22. Anonymous says:

    There’s a ‘Run As’ command in Windows XP which I find very handy, it means I can right click on an executable and run it as administrator, useful for installing applications without having to log out.

    However, I don’t seem to be able to run IE as Administrator, the context menu entry is different for this than it is normal apps.

    Now why would I like to run IE as administrator? Simple, to run Windows Update.

    Also I’d like as a special security measure for it to be obvious when an IE Window is running as administrator so I don’t mistakenly visit an untrusted site with escalated permissions, is this possible at the moment?

  23. Anonymous says:

    John:

    The IE icon on the desktop is a shell extension, so it gets it’s own context menu.

    However, if you navigate to the actual iexplore.exe executable (in {Program filesInternet Explorer) you can get the "Run as…" option on the context menu.

    If you want it on the desktop, just create your own shortcut to iexplore.exe there.

  24. Maurits says:

    Two thoughts…

    Could you make a .url file for windowsupdate.microsoft.com? If so, do you get a "Run As…" command on documents?

    I recall a KB article that showed how to use Content Restriction to lock down IE to a particular site. I wonder if you could do that to lock the Administrator account down to Windows Update (or now, Microsoft Update)

  25. Anonymous says:

    Ooh Eric.. Controversial statement there!!

    I raise an objection.

    If we go by your logic then why the heck use standards?

    Oh well, why not all of us renege ourselves to the proprietary-browser-extensions days??

    Agreed you have other important tools to develop, but do not brush the standards issue aside and really it would be well worth it if you made your own pages standards compliant.

    Atleast by doing that, IE team may realise what the standards really are!!

    How can I trust my pages in your browser, when your own website shows up with 17 deviations on the standards page??

    *sigh* I will have to ask users to use other browsers than IE on my site. :-(

    Please do not mistake me for yet another FF/Opera/Open Source evangelist, I love IE and that is why it pains me a lot to see my favourite browser going to the trash bin.

  26. Anonymous says:

    James wrote:

    "Stop taking the crap from these pathetic children that hang out on your blog!"

    Actually an old man. I’ve been working on systems since the 70s at the Pentagon, EPA, Chase, GE and others. I may be mistaken but according your blog you are still a student?

    While in the past Microsoft has been able to disregard standards due to their monopoly position, that is no longer the case.

    Short cuts make for long delays. In their hurry to get "something" out to compete, they will only hurt themselves if they don’t grok standards.

    Do you vote whether you want to obey traffic laws?

  27. Anonymous says:

    Excellent reply Eric. I’m sick and tired of people with nothing better to do than validate their sites 24/7 telling me I should use standards when all browsers render my work properly =)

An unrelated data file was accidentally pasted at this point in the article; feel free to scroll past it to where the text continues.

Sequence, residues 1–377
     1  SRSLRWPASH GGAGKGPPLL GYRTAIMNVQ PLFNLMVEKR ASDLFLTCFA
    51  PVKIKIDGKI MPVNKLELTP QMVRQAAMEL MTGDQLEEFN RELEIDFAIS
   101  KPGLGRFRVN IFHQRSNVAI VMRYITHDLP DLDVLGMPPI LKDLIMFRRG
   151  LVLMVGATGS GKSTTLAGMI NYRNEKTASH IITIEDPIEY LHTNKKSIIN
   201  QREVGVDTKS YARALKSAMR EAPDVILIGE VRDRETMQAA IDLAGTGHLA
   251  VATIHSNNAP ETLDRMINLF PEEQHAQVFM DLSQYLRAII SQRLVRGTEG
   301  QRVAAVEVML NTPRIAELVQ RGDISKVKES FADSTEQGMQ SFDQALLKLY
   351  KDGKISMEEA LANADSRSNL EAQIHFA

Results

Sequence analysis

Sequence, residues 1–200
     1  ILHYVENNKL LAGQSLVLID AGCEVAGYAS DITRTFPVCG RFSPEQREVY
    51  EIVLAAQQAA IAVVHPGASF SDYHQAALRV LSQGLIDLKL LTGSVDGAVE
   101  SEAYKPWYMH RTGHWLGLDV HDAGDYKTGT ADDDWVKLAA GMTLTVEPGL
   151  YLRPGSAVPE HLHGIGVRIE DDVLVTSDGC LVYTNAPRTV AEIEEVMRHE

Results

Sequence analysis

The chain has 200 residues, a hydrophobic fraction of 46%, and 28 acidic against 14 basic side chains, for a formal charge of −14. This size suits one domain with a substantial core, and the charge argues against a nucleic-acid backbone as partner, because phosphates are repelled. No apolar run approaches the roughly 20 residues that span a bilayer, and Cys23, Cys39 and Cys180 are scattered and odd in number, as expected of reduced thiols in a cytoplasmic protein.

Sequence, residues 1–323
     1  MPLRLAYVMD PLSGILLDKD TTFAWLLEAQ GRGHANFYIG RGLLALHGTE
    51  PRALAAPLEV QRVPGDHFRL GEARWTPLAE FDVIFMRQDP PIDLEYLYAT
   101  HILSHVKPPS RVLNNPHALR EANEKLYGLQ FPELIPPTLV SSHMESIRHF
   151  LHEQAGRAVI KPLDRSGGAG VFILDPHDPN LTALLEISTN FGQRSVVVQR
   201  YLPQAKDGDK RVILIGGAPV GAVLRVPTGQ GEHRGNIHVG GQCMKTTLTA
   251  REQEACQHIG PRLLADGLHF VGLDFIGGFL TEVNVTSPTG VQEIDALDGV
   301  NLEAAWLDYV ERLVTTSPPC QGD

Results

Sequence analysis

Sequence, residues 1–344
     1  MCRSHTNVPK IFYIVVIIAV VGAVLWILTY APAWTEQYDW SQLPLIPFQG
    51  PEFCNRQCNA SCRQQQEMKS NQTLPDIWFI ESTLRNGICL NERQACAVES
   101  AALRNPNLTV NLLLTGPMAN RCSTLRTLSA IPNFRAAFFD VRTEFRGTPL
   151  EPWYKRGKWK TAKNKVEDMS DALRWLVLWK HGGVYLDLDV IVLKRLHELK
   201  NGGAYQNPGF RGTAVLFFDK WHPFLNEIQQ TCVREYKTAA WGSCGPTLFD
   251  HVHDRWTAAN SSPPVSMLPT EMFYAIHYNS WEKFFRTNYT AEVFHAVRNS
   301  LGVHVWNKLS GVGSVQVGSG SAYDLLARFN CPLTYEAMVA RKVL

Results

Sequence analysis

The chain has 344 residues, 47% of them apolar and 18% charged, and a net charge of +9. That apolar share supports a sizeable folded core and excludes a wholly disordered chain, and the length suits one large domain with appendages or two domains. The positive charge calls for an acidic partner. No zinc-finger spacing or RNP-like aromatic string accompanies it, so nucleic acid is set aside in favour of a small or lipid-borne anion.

28. Maurits says:

    OK, here’s my take on standards.

    You can either spend your life testing every page you write on every new browser that comes out…

    Or you can write pages that follow the standards.

    Then, if a bug in the browser causes the page to fail, you make a judgment call – either fix the bug, or recommend another browser.

    My policy is:

    1. CODE TO STANDARDS

    This gives every browser a fighting chance.

    2. WORK AROUND BUGS IN MAJOR BROWSERS

    If a browser has > 5% market share, code workarounds for any bugs that break standard code.

    3. IGNORE BUGS IN MINOR BROWSERS

    If you’re gonna use an off-market browser, it had better be good if you want my support.

    To the last poster… really? EVERY browser? What about IE 7?

  29. PatriotB says:

    You can right click the Windows Update shortcut in the Start menu, and use Run As. Or you can run wupdmgr.exe from an administrator command prompt.

    However I’ve found that all updates fail when I use Run As (since XP SP2). They only succeed when I’m actually logged in as an admin.

  30. Anonymous says:

    <<using compression and caching *at the same time* is still not possible under IE. >>

    The bug with ETAGs is interesting and I’ll ensure that we’re looking at it. But we shouldn’t equate ETAGs and caching– Office Online uses both caching and compression for JS files, despite this ETAG issue.

  31. Anonymous says:

    Nice tool, Eric. I’ve used two other tools for this type of HTTP debugging, as well:

    Charles Proxy

    http://www.xk72.com/charles/

    HTTP Analyzer

    http://www.ieinspector.com/httpanalyzer/index.html

    Of course, yours is the only FREE tool.

  32. Anonymous says:

    … just a slight ad-on though…

    What would be your view on adding (a) header(s) which detail the users display device a little more also, including the basics like screen res, colour quality, etc?

    As a user of an 800 x 600 screen, I find that some sites are targeting the higher res screen, which produces a horizontal scroll bar, something which I personally find unusable in a web site. If a screen size header were included, it could allow developers to target their audience more accurately, rather than settling for the perceived ‘most popular’.

    Also, something which popped into my head when looking at this web site (http://colorfilter.wickline.org/), how about a header which identifies colour-blindness? Where by the users selects the option relevant to their type of colour-blindness, allowing for developers to again target their audience so as not to present a poor rendering web site?

    Again, just a couple of idea’s really, and I thought better to pop them down rather than keep them to myself.

  33. Anonymous says:

    <<I’ve used two other tools for this type of HTTP debugging>>

    Hehe… The truth is that had I known about the alternatives, I’d never have started Fiddler in the first place. Once I finally came across some such tools, I already had the foundation of Fiddler built and I couldn’t bear to abandon it… So I added in the tampering support, scripting support, etc. :-)

  34. Anonymous says:

    Eric, thank you for this article, I will certainly make good use of the information presented, and thank you for taking the time to write it.